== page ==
This transition to adulthood is a tough one. Christian Smith, author of Souls in Transition: The Religious & Spiritual Lives of Emerging Adults” says the process is defined by “intense identity exploration, instability, a focus on the self, feeling in limbo or in transition or ‘in between.’”2 Seventy-two percent of those polled by Clark University say this time in their life is stressful and 56% say they often feel anxious.3 Not surprising as they are wrestling with discovering their purpose and calling, while also trying to figure out where to live, how to find a job, and how to make friends.

Parents, you can play a significant role in helping your son or daughter navigate this precarious time. It will require you, however, to transition from parenting an adolescent to walking alongside an emerging adult. What does that look like? Here are some suggestions:
1.     Let your son or daughter face important decisions as an adult. Proverbs 22:6 states, “Train a child in the way he should go, and when he is old he will not turn from it.” You’ve had eighteen years to train them. Let them now have the opportunity to think through and make important decisions. This is hard, because they won’t always make the best decision. However they have your godly training to rely on as well as your support, and the ability to learn from mistakes.
2.     Earn the right to speak into their decisions by honoring their boundaries. Giving your son or daughter the gift of facing important decisions will communicate your confidence in them. And when your emerging adult feels supported by you, they will see you as a safe person in which to discuss their thoughts, feelings, options and decisions.
3.     Be prepared for your emerging adult to follow their own vocational goals, not the goals you have for them. Often we have an idea of what our children will grow up to do based on what we know of them. And often our children will not agree with our assessment. Point out the qualities and gifting you see in them, but refrain from telling them what vocation to choose. Instead focus on how they live and for whom they live their lives.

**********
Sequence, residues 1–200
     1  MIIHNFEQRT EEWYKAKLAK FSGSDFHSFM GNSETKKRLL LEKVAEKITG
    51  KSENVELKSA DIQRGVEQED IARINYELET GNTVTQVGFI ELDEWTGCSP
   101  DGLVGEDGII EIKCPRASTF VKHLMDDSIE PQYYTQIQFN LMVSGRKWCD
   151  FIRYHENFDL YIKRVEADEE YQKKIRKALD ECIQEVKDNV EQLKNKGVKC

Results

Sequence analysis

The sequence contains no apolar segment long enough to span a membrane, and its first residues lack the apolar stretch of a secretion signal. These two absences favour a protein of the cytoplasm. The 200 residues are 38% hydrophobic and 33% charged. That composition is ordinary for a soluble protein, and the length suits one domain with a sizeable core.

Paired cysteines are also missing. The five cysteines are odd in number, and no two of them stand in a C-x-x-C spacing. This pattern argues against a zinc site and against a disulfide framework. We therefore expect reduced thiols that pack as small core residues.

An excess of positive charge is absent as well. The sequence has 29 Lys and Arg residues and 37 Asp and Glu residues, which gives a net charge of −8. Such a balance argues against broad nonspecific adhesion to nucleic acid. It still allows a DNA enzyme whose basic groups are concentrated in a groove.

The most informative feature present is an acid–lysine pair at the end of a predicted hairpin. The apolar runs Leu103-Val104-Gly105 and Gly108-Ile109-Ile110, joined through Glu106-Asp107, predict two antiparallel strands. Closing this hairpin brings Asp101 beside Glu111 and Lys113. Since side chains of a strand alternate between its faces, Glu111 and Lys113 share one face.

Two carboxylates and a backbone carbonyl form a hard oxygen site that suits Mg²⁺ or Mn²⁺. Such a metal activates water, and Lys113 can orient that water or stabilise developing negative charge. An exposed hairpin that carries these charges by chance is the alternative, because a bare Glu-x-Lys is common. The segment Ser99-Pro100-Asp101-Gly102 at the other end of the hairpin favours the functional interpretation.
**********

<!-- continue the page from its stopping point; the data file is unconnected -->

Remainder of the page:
4.     Provide opportunities for your son or daughter to reflect on their experiences. Technology is so much a part of this generation’s life that a “here and now” mentality usurps any opportunity for reflection. You can help them reflect on what they are learning in chapel, in economics class, in their relationships, by simply asking them questions:
§  What has God been teaching you lately?
§  How has your economics class caused you to think differently about our role in society?
§  What have you learned about yourself through your roommate situation?
“As parents, our responsibility to help our children listen to God’s call is one that never ends. It simply changes in the way we serve as supporting agents in the divinely inspired process we call life.”4

2 Christian Smith and Patricia Snell, Souls in Transition: The Religious & Spiritual Lives of Emerging Adults (New York: Oxford University Press, 2009), p.6.
Todd C. Ream, Timothy W. Herrmann, C. Skip Trudeau, A Parent’s Guide to the Christian College. (Abilene Christian University Press, 2011) p. 186.